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|Food Buzz: History of Avocado|
The Whitsell avocado is a hybrid variety that is small, averaging just six ounces, and pear-shaped with rough, thick yet pliable dark-green skin. It has russet speckles on the blossom end that become more distinct as the fruit matures. Its creamy flesh houses a relatively small seed, and is yellowish-green in color with good flavor, though slightly less nutty than other varieties. The dense, evergreen Whitsell avocado tree is semi-dwarf, growing to an average of twelve feet high, which reduces picking costs and lessens the chance of wind damage. It often has irregular growth in its branches, giving the tree a fairly distinctive outline among avocado varieties. Like the hass avocado, Whitsell bears in alternate years, and is said to be moderately vigorous. It is often recommended for growing in containers and greenhouse because it is not a hardy cultivar.
Whitsell avocados are available midwinter into fall.
Whitsell avocados belong to the Lauraceae, commonly known as laurel, family, which includes camphor, cinnamon, sassafras, and the California laurel. Avocados are botanically classified as a berry, and are scientifically named Persea americana. Although several plants contain flowers with both male and female organs, the avocado is unique in that its flowers open as female one day, close and reopen as male the next day. Each avocado cultivar is further classified as type A or type B, depending on its flowers’ opening times. The Whitsell avocado is categorized as flowering type B, making it a great pollinator for the popular type A commercial cultivars, such as hass. Though self-pollination can occur, many orchards will plant two different avocado varieties, one type A and one type B, to facilitate cross-pollination and increase crop volume.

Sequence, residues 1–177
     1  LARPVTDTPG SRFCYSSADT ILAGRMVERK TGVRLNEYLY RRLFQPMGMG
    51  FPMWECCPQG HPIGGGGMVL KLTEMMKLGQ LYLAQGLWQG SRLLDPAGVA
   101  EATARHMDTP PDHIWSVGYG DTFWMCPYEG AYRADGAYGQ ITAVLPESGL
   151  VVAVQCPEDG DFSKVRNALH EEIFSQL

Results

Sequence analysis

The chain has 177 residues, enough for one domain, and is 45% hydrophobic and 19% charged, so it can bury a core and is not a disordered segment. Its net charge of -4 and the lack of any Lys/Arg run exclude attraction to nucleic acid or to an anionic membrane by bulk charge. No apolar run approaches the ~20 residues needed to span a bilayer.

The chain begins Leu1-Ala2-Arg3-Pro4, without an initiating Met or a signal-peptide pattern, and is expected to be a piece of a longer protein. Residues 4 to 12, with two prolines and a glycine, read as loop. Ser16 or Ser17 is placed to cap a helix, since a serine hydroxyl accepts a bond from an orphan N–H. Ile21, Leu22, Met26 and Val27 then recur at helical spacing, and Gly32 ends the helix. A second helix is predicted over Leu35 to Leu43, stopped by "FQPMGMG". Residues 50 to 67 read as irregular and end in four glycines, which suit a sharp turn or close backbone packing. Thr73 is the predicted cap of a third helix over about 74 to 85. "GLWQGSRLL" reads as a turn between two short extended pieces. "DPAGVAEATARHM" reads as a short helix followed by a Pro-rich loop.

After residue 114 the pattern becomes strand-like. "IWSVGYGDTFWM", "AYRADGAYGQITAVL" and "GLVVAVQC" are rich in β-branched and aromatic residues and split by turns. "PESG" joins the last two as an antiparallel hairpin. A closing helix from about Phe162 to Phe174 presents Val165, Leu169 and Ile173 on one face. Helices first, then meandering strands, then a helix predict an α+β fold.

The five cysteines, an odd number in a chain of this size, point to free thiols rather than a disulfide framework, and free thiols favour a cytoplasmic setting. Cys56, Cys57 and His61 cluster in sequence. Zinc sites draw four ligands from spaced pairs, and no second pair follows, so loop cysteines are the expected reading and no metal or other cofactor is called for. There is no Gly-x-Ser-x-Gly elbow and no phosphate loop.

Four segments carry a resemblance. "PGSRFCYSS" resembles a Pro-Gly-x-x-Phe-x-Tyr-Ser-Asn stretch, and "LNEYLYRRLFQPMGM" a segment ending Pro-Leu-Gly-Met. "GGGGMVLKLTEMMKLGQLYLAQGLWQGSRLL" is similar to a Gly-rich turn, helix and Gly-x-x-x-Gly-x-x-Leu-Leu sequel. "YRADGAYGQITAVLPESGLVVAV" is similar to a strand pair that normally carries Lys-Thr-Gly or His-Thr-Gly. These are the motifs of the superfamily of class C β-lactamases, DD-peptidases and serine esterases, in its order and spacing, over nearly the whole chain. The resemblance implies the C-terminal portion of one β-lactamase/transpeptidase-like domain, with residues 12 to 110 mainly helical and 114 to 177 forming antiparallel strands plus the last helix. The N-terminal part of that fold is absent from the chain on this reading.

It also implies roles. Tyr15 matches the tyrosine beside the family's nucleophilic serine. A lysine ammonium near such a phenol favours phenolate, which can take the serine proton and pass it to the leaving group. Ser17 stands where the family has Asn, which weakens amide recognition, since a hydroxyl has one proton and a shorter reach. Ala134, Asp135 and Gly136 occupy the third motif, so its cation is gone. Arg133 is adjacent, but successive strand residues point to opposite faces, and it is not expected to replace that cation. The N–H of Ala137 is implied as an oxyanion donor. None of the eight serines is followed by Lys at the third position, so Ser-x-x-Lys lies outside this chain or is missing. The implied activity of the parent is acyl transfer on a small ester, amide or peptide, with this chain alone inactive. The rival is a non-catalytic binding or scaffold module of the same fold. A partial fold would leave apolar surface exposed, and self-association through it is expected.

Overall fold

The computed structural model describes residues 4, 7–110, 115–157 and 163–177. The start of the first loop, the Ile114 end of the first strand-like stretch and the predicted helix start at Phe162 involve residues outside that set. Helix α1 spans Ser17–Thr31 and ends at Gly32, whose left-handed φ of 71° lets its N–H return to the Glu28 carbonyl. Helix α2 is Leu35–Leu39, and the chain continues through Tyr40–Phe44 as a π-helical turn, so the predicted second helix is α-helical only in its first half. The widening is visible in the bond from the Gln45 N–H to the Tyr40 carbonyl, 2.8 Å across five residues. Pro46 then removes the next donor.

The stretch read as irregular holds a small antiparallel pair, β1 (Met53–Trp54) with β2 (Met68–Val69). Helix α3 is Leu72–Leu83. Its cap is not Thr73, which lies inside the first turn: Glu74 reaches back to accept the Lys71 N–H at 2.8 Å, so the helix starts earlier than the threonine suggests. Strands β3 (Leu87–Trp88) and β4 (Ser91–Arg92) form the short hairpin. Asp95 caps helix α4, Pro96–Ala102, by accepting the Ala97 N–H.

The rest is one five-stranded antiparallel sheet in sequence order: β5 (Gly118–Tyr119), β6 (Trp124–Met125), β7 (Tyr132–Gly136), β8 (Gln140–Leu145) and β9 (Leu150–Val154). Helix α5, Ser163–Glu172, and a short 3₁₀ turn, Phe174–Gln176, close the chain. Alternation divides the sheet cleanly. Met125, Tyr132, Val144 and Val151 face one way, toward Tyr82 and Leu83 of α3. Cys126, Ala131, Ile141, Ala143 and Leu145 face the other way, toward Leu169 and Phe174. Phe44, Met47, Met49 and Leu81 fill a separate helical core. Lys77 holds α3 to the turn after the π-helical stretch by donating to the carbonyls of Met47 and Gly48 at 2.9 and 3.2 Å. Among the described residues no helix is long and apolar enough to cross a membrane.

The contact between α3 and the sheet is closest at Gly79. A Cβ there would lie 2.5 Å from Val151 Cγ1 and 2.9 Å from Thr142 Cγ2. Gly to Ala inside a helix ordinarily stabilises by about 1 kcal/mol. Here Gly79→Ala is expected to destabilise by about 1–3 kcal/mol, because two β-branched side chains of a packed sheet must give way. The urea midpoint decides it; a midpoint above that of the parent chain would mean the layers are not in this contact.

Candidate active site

Whitsell avocados, like other varieties, are known for their high fat content, which is why avocados earned the nickname, "poor man's butter". Avocados are second only to olives among fruits in oil content, but the oil is high in monounsaturated fatty acids and is actually relatively healthy. Avocados contain several essential nutrients, such as potassium, fiber, B-vitamins, Vitamin E, and folic acid, and they also enable the body to absorb more fat-soluble nutrients from foods that are eaten alongside the fruit.
Whitsell avocados are great for eating raw, and can simply be cut in half and drizzled with olive oil, vinaigrette, or lemon juice, and topped with a sprinkle of salt and pepper. Avocados are the main ingredient in guacamole, one of the most popular dishes of Mexico, which is made by pureeing avocado with chilies, onions, lime juice, spices and more, depending on the particular recipe. Whitsell avocados are also great in sandwiches and salads, and they can even be used to top soups. Whitsell avocados should be stored at room temperature, and will last two or three days once ripe. Refrigerate only fully ripe avocados to slow the process of decay. Once cut, you can preserve the flesh’s color by brushing the exposed surfaces with lemon juice or milk. Cover cut avocados with plastic wrap to seal out exposure to air and refrigerate.
Though the first planting of avocados in California likely occurred as early as 1850, it is recorded that Judge R. B. Ord planted three seedling avocado trees from Mexico in Santa Barbara, California in 1871. This is generally considered to be the foundation of the avocado industry in California. Today, California is the leading producer of domestic avocados, like the Whitsell avocado. It is home to at least ninety percent of avocado crop in the United States, with sixty percent of all California avocados being grown in San Diego County, which is often acknowledged as the avocado capital of the nation.
The Whitsell avocado is a patented variety that was developed by and named after Robert Whitsell of the University of California, Riverside and South Coast Field Station facilities in 1982. Whitsell avocados are hardy to 30°F, and like most avocados are recommended for the mild-winter areas of California, Florida and Hawaii. However, like several other type B cultivars, Whitsell avocados are considered somewhat inferior for growing and are highly recommended for containers and greenhouses.
Recipes that include Whitsell Avocados. One is easiest, three is harder.
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